- January 20, 2008
Gaza power cuts leave people cold physically, metaphorically
The Israeli government decided earlier this month to permit the Gaza Strip to import industrial diesel — in similar quantities to those permitted prior to the fuel import restrictions imposed in October 2007 — but the impoverished enclave continues to suffer from power cuts.
The cuts are affecting daily life, particularly now as the region has been experiencing an uncommonly cold winter.
“We went four days without having electricity during the daytime,” said Wajihe, an elderly woman from a refugee camp in the northern Gaza Strip. “We had power only from midnight until 6am.”
“During the day, we try to sit in the sun to keep warm,” she told IRIN. “It”s very cold now at night. We wrap up to keep warm. Each of us has two blankets, but it is still cold.”
A family in the Bureij refugee camp said they have power for eight hours, but then it goes off for another eight, and they alternate between huddling together under blankets and using electric heaters.
For even poorer people, the problem is worse: “We had electricity for only two hours during the day yesterday,” said Um Sultan, from Beach (Shati) refugee camp. “We can”t afford to buy gas heaters, or even gas,” the widowed mother of five said. “We try using blankets to keep warm, but we don”t have enough blankets.”
Israel”s decision to cut supplies began after its cabinet in September 2007 declared the Gaza Strip a “hostile entity” due to the Islamic group Hamas”s take over of the enclave and Palestinian militants” rocket fire, which targets southern Israel and border crossings.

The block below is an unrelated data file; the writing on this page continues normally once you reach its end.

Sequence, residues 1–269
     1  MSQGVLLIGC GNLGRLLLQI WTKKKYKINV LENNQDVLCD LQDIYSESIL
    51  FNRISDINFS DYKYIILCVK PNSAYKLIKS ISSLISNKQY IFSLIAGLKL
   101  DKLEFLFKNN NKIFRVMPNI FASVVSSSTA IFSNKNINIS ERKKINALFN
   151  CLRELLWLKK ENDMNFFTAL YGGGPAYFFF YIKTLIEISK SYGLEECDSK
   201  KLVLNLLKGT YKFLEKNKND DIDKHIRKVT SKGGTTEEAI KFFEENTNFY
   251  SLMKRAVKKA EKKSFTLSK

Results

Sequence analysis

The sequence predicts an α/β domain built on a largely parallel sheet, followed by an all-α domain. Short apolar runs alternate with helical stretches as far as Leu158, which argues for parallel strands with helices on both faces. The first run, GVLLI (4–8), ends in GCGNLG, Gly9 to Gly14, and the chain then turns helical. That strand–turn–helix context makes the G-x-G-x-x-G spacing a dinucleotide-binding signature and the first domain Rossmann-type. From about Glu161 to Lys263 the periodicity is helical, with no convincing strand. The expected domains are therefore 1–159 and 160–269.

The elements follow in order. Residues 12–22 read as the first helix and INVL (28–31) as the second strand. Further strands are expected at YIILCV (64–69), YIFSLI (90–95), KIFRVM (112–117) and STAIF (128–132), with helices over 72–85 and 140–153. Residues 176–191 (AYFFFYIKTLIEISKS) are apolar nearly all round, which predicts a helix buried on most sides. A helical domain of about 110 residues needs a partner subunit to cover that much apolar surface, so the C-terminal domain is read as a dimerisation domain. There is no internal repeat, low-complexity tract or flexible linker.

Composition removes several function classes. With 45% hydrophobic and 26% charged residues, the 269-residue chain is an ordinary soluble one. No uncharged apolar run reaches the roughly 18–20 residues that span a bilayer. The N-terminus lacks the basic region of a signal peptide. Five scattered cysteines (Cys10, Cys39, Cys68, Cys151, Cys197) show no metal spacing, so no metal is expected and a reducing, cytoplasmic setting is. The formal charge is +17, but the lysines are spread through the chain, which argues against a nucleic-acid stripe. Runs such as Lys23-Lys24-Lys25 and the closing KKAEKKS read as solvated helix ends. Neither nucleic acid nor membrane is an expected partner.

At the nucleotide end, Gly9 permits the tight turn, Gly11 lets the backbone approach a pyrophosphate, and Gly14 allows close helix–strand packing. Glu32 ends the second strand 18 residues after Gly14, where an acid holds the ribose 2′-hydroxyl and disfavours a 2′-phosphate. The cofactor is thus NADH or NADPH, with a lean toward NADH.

Power plant operating on knife-edge
Officials in Gaza say that although Israel allowed in one extra turbine for the enclave”s power plant in December — to increase its capacity from 65 megawatts (MW) to 85, similar to the levels of production prior to an Israeli air strike on the plant in the summer of 2006 — it is not allowing the Strip to import enough fuel to run the turbine, which is idle.
Furthermore, between October 2007 and January 2008, Gaza”s power plant was forced to dip into its reserves to keep up basic levels of production. On 5 January, officials said the reserves had hit their red line and were essentially depleted. The amounts currently being allowed in are not sufficient to replenish the reserves, which are vital in the case of an emergency, but also if Israel were to again lower import levels.
The power plant has been forced to cut production to only 55MW, and at points in recent weeks that dropped to 45MW.
The lack of electricity also means people can go hours or even a day without running water, as power is needed to pump water into homes, and concerns have been raised about the pumping out of waste water, should the power stop.
Israel continues to place a cap on other types of fuel, including petrol and gas, and imports are 10-15 percent lower than pre-October levels, Palestinian officials and foreign aid workers say.
Rania Kharma from Gaza City said she saves the gas she has for cooking and rarely uses her gas heaters.
“We are going back to the old days of using wood and coal to warm ourselves,” she said, noting that even these commodities are relatively expensive in Gaza, and out of the reach of many.
“It feels so weird that in the 21st century. We are going backwards and have to buy candles for light,” Rania lamented.
One person was even more blunt when talking about the overall situation in Gaza and specifically the impact of the fuel cuts: “I want to run away from this madness. And I know many others who want to leave as well.”